Well, I’ve gotten a bit behind on posting – been busy writing the chapter of Getting Medieval with C S Lewis about medieval compassionate action – through the case study of a thoroughly medieval institution: the hospital. Did get the whole thing written, so I’ll be posting it bit by bit over the next few days.
I don’t think I have to start this chapter on how medievals pioneered the hospital by making a case that compassion, mercy, and healing are good things. I’m pretty sure people of every age and religion will agree on that one. Nor will I indicate some flaw in evangelical culture on this matter of compassionate ministry. The healthcare system, schools, social services departments, and NGOs are full of compassionate evangelicals, as well as compassionate non-evangelicals and compassionate non-Christians. But as I have researched the ancient and medieval development of that innovative institution in world history—the hospital—I have wondered more than once: do modern Christians really “get” the relationship of mercy and the Gospel the way medievals did?
So, allow me to open this case study in Christian compassion with a question . . .
How central is mercy to the Gospel?
We know the story. Mary the sister of Lazarus got to where Jesus was. She fell down at his feet, overcome with grief and just a bit of accusatory anger: “Lord, if you had been here, my brother would not have died.” He saw her crying. The others with her were also crying.
What was Jesus’ response? “He was deeply moved in spirit and troubled.” All around him Lazarus’s friends and family sorrowed. They wept. They were devastated by the mortality of their brother, friend, son.
Some sanctimonious Christian today might say: Well, what did they expect? The wages of sin are death! We are all under the same curse, ever since Adam!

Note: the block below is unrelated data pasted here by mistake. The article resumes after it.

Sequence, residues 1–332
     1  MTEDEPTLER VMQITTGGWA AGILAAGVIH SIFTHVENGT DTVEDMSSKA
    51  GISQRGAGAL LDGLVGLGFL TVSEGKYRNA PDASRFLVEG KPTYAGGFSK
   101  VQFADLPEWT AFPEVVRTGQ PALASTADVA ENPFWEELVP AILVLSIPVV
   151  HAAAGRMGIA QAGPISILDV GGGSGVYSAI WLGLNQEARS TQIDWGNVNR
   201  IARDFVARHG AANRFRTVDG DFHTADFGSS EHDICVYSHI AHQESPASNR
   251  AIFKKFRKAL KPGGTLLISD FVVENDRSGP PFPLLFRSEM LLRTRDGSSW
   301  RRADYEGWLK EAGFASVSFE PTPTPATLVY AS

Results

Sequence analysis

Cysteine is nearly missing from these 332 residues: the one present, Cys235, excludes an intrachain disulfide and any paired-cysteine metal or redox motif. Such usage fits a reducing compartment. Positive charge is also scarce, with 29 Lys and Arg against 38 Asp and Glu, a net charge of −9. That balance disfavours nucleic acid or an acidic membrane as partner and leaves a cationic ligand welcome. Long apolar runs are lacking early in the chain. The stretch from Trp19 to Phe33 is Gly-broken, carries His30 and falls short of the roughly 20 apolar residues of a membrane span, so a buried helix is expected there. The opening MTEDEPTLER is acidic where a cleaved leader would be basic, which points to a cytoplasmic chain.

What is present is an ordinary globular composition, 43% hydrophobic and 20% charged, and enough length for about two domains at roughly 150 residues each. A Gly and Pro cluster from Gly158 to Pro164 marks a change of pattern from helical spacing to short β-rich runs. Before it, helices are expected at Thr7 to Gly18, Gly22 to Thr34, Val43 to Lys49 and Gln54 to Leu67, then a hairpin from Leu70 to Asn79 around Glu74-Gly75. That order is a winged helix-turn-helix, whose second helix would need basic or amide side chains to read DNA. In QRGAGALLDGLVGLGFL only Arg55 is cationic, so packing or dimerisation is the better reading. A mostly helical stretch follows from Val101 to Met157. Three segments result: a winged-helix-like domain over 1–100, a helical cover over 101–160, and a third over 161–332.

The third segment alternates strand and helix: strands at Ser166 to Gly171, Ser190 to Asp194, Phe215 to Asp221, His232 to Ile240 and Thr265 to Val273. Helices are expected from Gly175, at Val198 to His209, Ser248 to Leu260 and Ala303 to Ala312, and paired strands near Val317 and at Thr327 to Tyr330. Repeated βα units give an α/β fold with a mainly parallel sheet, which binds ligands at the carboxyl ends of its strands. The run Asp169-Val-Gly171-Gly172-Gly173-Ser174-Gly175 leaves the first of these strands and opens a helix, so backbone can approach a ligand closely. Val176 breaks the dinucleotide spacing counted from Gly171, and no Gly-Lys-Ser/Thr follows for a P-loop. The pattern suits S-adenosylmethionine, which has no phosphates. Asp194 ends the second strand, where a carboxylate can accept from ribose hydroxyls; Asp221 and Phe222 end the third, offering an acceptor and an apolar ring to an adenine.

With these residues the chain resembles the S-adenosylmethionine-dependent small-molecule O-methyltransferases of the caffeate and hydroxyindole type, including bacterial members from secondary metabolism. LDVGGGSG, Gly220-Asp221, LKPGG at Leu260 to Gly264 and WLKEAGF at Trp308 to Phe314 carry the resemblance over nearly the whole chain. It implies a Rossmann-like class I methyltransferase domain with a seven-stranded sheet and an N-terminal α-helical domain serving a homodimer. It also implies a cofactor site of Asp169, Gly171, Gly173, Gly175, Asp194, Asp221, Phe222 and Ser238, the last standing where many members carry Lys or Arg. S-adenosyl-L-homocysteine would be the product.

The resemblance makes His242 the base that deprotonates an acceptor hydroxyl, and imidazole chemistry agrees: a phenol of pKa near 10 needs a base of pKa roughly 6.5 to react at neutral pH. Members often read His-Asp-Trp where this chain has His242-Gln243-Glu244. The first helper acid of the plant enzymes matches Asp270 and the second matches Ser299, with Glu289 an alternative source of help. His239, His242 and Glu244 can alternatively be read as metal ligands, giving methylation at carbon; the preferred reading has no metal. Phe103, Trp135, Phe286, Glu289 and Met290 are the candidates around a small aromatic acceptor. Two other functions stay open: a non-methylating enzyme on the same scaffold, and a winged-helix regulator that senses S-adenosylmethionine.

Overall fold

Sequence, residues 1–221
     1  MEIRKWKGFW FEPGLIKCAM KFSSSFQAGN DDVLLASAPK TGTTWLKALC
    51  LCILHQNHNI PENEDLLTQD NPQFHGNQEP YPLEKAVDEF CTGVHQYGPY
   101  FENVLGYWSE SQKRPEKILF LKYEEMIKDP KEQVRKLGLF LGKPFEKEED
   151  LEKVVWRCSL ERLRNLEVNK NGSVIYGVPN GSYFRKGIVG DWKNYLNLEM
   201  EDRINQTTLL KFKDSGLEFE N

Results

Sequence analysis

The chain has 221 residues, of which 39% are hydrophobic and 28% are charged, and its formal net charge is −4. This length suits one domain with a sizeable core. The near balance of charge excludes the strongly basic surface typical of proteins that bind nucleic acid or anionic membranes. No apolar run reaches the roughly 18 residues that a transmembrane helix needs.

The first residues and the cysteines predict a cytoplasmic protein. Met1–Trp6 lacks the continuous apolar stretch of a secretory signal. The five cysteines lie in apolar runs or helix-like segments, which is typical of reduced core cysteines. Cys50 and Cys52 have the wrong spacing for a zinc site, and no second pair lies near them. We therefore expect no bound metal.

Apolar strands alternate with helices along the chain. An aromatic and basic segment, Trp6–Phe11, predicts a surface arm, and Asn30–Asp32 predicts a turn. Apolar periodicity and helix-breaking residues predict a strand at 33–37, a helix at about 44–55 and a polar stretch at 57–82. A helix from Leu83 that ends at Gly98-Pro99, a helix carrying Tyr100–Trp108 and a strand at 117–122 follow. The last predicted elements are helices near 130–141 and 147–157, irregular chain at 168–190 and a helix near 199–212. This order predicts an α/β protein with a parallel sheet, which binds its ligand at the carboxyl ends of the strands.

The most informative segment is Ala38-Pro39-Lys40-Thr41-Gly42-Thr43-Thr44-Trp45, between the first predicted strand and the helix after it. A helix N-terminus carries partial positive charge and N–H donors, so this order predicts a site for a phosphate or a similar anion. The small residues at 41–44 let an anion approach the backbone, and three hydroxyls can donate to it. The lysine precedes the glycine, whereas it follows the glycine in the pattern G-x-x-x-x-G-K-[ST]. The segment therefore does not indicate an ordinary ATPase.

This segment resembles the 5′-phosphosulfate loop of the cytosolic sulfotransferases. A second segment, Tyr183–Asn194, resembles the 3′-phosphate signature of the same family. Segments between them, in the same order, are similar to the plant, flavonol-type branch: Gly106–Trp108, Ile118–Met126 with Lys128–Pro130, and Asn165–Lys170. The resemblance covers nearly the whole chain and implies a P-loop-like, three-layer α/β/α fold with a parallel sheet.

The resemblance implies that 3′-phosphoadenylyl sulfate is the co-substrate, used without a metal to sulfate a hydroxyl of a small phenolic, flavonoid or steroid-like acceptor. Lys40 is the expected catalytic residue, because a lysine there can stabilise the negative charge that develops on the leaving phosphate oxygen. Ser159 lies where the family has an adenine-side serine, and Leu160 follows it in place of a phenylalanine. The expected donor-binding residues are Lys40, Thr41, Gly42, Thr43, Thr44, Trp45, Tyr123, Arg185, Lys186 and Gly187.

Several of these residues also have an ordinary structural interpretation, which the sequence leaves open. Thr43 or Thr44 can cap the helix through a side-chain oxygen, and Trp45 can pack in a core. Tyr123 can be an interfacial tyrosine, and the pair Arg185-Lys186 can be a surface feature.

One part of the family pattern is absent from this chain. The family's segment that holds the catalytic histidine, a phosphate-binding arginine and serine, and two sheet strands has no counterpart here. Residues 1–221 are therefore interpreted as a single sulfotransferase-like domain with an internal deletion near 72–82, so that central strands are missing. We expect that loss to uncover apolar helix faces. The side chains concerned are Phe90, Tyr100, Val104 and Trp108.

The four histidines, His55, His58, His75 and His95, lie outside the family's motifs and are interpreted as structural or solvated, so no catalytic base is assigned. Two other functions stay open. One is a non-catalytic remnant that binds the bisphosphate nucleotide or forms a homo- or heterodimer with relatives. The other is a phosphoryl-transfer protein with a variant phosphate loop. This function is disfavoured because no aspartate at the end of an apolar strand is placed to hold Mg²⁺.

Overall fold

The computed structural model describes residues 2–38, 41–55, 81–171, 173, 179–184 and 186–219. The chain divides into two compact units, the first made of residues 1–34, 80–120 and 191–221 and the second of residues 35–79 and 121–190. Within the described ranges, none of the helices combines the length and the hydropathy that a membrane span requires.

Not Jesus. He sprang into action. “Where have you laid him?” he asked. And they took him there. He saw Lazarus laid in the tomb, his life gone out of him. Once vital—smiling, working, resting, weeping, loving. But now cold and still and already decomposing. Food for worms.
And what did our Lord do? “Jesus wept.”
“Then the Jews said, ‘See how he loved him!’” (John 11:32-36).
Evangelicals like to focus on Jesus’s passion, his crucifixion, his resurrection. Maybe his preaching too. His “principles.” His parables. Teasing out their meanings, and finding out how to follow those teachings in our own lives. This is all good; there’s nothing wrong with any of it.
But what about his ministry? He kept on meeting people in the extremity of their need. Helping them. Healing them. What’s that all about? Sure, he could turn over tables in the temple and issue scathing denunciation of pharisaical self-righteousness. But in his healing ministry we find a different side of Jesus, and of the gospel: Here we find compassion, mercy.
“Well done, good and faithful servant.” Those who earn this heartfelt commendation from the Lord are those who have compassion on others, and then act on it. They give a thirsty person a cup of cold water. They clothe a naked person. They visit a sick or imprisoned person—not to “fix” them, first of all. But to be with them. “Com-passion” = sympathetic pity and concern for the sufferings or misfortunes of others. Sympathetic. That involves being with a person, emotionally, physically.
- Lord, if Thou Hadst Been Here: The Death of Lazarus and the Place of God in Death (tyannrose.wordpress.com)